As the world polarises further into warring blocs, with Russia, China and Iran on one side and the US and Europe on the other fighting proxy battles in Ukraine and Gaza, India is forging for itself an ‘honest broker’ role.
Pacifist by nature, India has studiously avoided siding with extremist ideologies or states. During the Cold War, the country kept an open mind to Communism: it was widely tolerated in the south of India, without threatening to dominate.
In the current climate, Prime Minister Narendra Modi has pulled off the seemingly impossible trick of staying friends with Russia while being courted by US President Joe Biden, British Prime Minister Rishi Sunak and Australia’s Anthony Albanese.
For the nation’s economy and its future as an investment destination, these are very positive traits. Such is the fear of intensified disruption in the Middle East and Central Asia, with recent mini conflicts breaking out in Azerbaijan, Kazakhstan and Belarus, that a safe space for emerging market investment is at a premium.
As the Financial Times reported recently, India today is “powerfully appealing” to investors. “Over the past 30, 20, 10 and five years, the Sensex has performed as well or better than the S&P 500, leaving other big markets far behind,” it pointed out the other day. India is now more efficient, thanks to infrastructure development in roads, ports, railways and airports; electrification has reached 90 per cent of households, up from 67 per cent a decade ago. And its huge working age population is expected to rise for years to come, just as most developed economies begin to age.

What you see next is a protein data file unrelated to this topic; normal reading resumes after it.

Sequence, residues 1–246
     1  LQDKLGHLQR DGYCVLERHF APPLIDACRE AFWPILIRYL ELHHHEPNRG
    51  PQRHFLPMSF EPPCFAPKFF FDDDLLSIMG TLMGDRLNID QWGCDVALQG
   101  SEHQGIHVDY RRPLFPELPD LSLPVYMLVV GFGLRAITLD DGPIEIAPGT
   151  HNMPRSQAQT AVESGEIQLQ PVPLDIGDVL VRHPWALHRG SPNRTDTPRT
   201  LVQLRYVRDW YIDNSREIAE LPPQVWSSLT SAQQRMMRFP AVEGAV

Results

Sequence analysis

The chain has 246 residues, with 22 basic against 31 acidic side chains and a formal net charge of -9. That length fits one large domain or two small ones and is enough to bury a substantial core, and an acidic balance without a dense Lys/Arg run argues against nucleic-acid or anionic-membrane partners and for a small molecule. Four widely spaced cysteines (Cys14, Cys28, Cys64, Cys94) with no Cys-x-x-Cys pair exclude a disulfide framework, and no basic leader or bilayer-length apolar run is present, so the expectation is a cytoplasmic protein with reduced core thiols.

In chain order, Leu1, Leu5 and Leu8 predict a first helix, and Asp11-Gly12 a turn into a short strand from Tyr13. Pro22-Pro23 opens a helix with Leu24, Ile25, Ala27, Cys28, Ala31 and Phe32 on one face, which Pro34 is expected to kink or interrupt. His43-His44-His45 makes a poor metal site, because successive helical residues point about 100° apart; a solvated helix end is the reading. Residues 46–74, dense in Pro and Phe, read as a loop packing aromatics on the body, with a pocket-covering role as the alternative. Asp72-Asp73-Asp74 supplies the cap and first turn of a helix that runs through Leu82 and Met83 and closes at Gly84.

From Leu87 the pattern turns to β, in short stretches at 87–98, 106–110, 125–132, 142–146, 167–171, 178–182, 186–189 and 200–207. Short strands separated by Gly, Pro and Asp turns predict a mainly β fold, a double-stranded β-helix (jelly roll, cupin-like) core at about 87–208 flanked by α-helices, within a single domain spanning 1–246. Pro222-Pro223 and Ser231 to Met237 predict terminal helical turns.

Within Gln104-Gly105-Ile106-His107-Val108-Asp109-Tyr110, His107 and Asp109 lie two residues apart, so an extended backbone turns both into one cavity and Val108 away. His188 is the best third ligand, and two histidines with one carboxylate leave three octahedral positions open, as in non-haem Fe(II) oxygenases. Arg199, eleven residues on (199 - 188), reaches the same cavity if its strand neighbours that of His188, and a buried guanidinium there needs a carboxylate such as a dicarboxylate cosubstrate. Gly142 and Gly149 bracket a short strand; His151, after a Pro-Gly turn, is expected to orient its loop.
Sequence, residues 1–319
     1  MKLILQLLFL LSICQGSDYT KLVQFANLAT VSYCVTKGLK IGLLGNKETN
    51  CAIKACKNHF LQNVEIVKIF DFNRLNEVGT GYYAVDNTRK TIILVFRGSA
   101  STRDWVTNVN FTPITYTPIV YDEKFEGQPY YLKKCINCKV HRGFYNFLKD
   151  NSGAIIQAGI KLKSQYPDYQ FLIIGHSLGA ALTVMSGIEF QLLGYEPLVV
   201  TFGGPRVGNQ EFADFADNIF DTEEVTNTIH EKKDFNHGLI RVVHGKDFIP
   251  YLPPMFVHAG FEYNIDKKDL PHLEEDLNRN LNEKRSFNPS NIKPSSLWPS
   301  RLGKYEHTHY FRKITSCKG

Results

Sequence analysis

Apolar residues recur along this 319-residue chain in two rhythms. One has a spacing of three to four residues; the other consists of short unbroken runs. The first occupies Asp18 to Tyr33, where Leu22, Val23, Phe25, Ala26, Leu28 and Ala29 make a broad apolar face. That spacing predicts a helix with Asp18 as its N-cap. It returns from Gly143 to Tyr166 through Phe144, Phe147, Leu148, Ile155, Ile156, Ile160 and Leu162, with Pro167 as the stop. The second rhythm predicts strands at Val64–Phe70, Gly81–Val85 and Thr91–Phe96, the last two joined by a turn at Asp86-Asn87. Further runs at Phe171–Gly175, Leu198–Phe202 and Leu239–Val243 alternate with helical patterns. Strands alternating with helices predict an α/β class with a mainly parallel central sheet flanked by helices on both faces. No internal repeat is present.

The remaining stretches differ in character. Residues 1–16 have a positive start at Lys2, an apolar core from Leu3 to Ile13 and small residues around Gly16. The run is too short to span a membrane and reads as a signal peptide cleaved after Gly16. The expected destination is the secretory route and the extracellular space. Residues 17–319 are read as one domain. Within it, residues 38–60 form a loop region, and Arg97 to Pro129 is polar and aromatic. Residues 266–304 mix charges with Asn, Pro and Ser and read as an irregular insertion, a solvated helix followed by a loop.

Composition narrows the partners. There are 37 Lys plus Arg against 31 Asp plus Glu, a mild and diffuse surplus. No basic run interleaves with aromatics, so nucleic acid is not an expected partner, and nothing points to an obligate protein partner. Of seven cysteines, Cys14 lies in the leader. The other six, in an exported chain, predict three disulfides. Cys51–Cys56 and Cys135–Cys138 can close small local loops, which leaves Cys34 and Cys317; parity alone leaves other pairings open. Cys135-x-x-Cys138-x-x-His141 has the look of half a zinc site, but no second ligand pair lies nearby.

Much as we in the West might wish that India put its weight behind us on Ukraine or in the Middle East, its purposeful neutrality may serve it better than any hasty favouritism.
And as democracy comes under attack in the United States from the increasingly rabid Republican party, or even in Europe with the rise of extremists such as Viktor Orban of Hungary, the world’s largest democracy gains yet more allure.
As the FT says: “The desire to allocate a meaningful slice of portfolios to the emerging world, as a source of both diversification and growth, remains.”
India has represented the best destination for this slice for a few years now. The latest eruption of conflict in the Middle East only adds to the logic of investing in the relatively stable, democratic, fast-modernising Indian economy.
Dinesh Dhamija founded, built and sold online travel agency ebookers, before serving as a Member of the European Parliament. His latest book, The Indian Century, will be published in the Autumn.